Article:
Complacent construction businesses need to understand that embracing new technologies is really about the willingness to shift and educate employees to incorporate the current technologies that can be used to your organization’s advantage. Often this simply means embracing the new and helping people through the learning process to see the advantages.

 

Great example: Many contractors are saving time and money by utilizing tool-sharing applications that can be deployed on smartphones or tablets. Moving off of the old practice of managing tool inventories on Excel Spreadsheets, contractors are using these new tool-sharing applications to manage all aspects of their tool inventory. Most importantly, they are tracking tools as they move from job to job and person to person. This keeps accountability high and reduces the tool expenses for the business – making each project more profitable. Most companies see more than a 20% drop in tool expenses after implementing a modern tracking system. Clearly, adapting to and embracing new emerging technologies or ways of doing business can have a noticeable impact on a construction company’s bottom line.

 

Make it work for you.

There’s no question that new technology presents definitive challenges to construction businesses, mainly because understanding and accepting these new technologies may require a need to adapt to new ways of operating. However to avoid being left behind, companies need to be agile at shifting strategies to adapt to the possibilities of new technologies. What technologies is your construction business looking into to improve processes, reduce costs or become more efficient? If something as small and simple as tool tracking can add to the bottom line then there is no reason not to get started today.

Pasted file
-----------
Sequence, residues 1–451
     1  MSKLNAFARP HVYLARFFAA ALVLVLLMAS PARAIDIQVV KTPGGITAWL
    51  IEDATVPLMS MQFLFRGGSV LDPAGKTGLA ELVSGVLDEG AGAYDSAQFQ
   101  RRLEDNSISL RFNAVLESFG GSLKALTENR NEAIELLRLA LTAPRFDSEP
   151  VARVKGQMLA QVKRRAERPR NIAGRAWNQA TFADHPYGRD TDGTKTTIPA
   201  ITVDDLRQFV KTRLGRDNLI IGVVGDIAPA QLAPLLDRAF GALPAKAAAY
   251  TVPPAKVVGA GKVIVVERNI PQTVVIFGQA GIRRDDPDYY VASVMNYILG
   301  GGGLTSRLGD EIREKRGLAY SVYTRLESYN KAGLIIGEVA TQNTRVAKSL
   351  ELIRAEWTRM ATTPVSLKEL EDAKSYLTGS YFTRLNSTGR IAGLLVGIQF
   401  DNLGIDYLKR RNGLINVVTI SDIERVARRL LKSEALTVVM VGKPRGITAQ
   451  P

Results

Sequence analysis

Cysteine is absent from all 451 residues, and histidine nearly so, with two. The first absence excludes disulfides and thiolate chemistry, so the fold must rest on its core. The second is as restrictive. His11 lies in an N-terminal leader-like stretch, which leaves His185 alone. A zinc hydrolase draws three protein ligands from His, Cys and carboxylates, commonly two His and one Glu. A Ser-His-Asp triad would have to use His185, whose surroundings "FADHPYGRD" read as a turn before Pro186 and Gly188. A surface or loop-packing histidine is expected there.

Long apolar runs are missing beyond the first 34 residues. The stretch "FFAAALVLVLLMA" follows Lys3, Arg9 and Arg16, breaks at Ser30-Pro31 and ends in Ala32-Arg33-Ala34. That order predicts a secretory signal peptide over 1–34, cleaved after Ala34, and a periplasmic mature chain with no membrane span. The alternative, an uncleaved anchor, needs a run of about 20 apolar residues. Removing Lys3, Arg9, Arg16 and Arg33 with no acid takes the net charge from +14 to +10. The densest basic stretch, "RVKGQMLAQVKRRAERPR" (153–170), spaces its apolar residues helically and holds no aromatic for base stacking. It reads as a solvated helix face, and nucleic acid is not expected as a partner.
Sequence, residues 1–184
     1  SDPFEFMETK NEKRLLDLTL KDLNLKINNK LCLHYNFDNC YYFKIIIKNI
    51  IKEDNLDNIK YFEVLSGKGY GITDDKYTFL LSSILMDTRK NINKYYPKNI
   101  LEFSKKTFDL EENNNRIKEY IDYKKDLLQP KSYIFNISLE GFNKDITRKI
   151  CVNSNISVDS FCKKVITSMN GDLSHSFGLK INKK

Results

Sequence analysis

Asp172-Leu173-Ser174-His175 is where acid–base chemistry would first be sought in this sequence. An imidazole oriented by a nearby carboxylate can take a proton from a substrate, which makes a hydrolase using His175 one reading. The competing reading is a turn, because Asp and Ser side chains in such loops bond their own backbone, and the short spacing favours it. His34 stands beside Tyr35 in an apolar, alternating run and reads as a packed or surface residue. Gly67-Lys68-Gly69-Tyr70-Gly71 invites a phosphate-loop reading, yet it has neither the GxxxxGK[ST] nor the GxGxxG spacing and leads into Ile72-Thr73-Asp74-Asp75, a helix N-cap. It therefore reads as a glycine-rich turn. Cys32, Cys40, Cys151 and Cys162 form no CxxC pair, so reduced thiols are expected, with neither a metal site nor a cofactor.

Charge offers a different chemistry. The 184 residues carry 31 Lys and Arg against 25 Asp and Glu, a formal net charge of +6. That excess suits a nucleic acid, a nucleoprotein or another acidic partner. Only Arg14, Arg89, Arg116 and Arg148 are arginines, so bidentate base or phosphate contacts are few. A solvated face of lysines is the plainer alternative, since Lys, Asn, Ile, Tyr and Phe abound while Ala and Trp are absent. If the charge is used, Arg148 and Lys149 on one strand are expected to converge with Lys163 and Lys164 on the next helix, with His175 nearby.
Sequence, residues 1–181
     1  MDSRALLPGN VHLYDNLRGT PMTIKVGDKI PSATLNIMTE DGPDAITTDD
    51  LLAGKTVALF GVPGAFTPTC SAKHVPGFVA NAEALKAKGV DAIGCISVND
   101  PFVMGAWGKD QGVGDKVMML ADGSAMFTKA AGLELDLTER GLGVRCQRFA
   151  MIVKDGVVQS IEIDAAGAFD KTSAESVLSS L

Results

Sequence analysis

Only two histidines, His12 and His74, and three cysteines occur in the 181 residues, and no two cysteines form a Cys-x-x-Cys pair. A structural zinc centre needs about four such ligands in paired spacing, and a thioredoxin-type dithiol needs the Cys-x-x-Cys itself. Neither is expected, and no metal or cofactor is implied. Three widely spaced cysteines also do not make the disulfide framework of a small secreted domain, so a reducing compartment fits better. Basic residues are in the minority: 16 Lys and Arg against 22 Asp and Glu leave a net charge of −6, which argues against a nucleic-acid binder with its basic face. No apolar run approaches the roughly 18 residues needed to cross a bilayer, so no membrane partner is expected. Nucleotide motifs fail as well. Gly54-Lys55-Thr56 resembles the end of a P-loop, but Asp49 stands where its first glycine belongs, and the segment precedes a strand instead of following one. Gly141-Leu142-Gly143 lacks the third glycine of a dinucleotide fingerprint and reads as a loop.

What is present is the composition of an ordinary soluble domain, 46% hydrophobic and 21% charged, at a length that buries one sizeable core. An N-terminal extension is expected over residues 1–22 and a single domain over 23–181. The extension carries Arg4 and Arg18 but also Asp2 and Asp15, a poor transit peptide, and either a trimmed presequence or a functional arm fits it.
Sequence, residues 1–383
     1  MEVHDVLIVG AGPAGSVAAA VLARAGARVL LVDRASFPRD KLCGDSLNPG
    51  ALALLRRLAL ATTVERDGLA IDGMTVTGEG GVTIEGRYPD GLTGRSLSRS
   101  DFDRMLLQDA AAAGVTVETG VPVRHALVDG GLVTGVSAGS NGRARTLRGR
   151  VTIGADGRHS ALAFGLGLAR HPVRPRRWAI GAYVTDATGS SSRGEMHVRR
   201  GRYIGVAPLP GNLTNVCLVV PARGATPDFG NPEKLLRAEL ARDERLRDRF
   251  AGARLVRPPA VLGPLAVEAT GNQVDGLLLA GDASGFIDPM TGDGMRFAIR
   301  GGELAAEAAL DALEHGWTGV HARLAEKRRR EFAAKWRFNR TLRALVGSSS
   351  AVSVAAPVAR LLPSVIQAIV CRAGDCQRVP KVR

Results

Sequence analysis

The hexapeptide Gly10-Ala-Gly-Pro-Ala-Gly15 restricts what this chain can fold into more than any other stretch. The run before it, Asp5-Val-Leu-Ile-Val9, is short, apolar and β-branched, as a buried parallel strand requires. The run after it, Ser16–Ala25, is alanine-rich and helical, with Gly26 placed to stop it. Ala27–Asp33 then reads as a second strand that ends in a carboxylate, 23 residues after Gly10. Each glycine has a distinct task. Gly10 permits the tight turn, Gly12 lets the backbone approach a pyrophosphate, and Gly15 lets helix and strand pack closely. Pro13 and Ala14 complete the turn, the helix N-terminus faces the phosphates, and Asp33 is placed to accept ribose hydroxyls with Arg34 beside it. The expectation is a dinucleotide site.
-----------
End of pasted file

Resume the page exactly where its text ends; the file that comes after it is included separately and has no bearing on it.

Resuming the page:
Early adapters have the advantage.

Reflecting on the examples presented in the beginning of this article, Polaroid is another case study worth looking at. Polaroid, the longtime leader in film, continuously tried to evolve to keep up with the rapidly changing camera technologies, always shifting its business two steps behind the competition and arriving late to the digital party. Meanwhile, smaller competitors such as Shutterfly built their business around the new digital camera technology.  They merged the simplicity of new digital cameras with the reach of the Internet and started printing people’s photos for them. This launched a multi-million dollar business that Polaroid should have had the vision to create first.

This is how small to mid-sized contractors need to be thinking in order to gain an edge on the competition. What can your small business accomplish with technology that keeps it one step ahead of the bigger, slower competitors? With construction technology still at a reasonably early stage, now is the perfect time to start evaluating the technologies that could improve your business and increase your competitiveness in a tight construction market.

For more information on tool tracking technology please visit our Tool Tracking Tips page.

If you’d like to learn more about modern tool tracking applications check out ShareMyToolbox, at https://www.sharemytoolbox.com/tool-tracking or call, 866.768.8665